Service dogs are not only great companions but provide rewarding benefits to many seniors. Many people believe service dogs are only for the seeing- and hearing-impaired, but research and practical experience have proven that those with dementia or Alzheimer’s are also having success with service dogs as well. With 5.3 million Americans suffering from limited cognition, four-legged creatures are being trained to bring the world back into their lives.
Benefits of Service Dogs for Seniors
Seniors feel a kinship or ownership to the service dog. The furry friend provides comfort as well as protection. Often individuals experiencing dementia or Alzheimer’s may experience paranoia or fear, and these service dogs will help keep them calm and act as a barrier between them and the cause of the stress.
Service dogs can become like a therapist; they are non-judgmental. The dogs are chosen to match the personality of the individual they will be working with and the need of the individual. Some dogs can be trained to follow more commands than others. It is imperative for the animal to be unfazed by the distractions and confusions of your mother or father. It is the service dog’s responsibility to sense danger and intervene.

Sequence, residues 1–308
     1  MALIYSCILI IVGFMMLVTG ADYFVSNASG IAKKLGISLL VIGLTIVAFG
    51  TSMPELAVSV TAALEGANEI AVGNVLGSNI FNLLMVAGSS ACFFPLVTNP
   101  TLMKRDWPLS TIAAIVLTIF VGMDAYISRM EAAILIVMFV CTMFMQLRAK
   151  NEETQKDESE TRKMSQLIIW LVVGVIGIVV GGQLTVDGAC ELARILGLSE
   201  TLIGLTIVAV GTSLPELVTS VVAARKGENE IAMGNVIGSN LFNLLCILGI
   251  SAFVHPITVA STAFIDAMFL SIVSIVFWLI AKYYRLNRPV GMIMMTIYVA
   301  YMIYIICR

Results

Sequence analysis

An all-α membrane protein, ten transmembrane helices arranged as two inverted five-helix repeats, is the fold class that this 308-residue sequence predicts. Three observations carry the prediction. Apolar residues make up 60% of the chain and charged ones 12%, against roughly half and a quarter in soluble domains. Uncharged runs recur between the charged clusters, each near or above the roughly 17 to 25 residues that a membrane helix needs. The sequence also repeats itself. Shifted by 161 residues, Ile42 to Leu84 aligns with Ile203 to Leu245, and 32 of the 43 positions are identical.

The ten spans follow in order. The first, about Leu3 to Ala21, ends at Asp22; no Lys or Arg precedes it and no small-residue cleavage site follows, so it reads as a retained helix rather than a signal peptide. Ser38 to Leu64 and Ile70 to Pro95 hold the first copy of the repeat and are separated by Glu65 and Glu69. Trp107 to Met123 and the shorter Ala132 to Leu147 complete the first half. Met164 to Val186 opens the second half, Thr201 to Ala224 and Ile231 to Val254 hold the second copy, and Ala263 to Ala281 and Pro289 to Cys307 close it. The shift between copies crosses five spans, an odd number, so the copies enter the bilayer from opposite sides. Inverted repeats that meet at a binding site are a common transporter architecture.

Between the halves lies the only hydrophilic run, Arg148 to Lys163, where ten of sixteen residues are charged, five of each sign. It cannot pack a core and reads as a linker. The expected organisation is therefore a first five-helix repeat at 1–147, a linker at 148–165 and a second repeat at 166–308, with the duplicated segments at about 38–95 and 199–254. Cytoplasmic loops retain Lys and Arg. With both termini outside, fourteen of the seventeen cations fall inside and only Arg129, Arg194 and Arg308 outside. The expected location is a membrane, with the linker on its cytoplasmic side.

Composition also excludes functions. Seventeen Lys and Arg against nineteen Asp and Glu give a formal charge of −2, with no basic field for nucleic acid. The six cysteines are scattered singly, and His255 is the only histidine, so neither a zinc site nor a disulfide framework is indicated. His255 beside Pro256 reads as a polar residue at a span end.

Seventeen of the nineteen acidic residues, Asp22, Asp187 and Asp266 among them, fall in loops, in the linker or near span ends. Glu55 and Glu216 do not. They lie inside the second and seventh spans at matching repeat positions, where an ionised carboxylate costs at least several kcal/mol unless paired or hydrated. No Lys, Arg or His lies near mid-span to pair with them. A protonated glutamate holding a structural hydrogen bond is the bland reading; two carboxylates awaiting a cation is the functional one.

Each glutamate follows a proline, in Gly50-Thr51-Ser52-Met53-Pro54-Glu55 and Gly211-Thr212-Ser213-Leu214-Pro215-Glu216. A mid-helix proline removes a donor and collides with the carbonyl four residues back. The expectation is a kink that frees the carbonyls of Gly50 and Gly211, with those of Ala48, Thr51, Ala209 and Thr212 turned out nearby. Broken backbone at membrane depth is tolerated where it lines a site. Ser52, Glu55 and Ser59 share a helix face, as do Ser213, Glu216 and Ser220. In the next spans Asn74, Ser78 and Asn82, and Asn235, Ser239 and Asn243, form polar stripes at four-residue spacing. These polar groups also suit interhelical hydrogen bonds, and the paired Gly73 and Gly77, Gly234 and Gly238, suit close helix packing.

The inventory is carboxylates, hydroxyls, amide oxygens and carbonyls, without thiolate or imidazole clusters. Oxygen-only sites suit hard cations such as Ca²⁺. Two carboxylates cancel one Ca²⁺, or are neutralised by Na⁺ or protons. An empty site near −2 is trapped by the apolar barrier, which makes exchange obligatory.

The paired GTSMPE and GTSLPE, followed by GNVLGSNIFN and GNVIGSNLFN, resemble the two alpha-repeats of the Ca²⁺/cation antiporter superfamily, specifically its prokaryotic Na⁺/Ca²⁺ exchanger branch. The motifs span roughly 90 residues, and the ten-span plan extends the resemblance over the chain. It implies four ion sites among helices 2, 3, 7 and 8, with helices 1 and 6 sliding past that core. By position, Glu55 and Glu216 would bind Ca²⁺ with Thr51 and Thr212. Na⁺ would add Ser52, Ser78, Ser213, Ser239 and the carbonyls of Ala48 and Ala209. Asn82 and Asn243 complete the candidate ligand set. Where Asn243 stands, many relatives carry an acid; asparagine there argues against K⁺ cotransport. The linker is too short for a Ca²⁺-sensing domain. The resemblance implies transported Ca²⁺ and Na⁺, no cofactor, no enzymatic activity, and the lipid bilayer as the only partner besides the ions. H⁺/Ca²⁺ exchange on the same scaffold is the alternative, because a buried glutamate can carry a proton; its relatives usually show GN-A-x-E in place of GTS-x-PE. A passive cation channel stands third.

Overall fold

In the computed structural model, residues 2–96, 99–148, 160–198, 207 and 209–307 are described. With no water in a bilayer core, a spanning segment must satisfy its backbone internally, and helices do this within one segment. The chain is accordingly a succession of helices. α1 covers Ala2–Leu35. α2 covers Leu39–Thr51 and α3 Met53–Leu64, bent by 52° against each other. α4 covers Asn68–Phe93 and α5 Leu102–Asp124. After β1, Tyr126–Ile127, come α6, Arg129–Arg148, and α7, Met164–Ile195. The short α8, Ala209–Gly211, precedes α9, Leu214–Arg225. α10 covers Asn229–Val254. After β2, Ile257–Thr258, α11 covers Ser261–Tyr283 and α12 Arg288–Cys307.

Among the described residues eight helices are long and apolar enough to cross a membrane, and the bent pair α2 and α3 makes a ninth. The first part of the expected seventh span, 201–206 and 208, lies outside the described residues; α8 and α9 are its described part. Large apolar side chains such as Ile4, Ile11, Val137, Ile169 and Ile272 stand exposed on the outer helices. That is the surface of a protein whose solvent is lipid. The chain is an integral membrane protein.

Dementia service dogs alongside home health care for seniors can improve your mother or father’s quality of life. The service dog is trained to assist in daily tasks that your parent struggles with. A furry friend may remove the need for other forms of assistance and also play the part of a loving companion. These animals are trained to wake their owners and reminding them where their clothes are, as well as retrieve food or medicines stored in bite-proof packaging.
Providers of at home care for seniors states that in home pet therapy dogs provide for seniors’ emotional and physical needs.
Another great benefit is the senior companionship a caregiver can provide for a dementia patient. Our caregivers at Assisting Hands Home Care in Fort Myers are especially trained to reinforce positivity and remain patient with Alzheimer’s patients as well as keep them engaged in fun activities.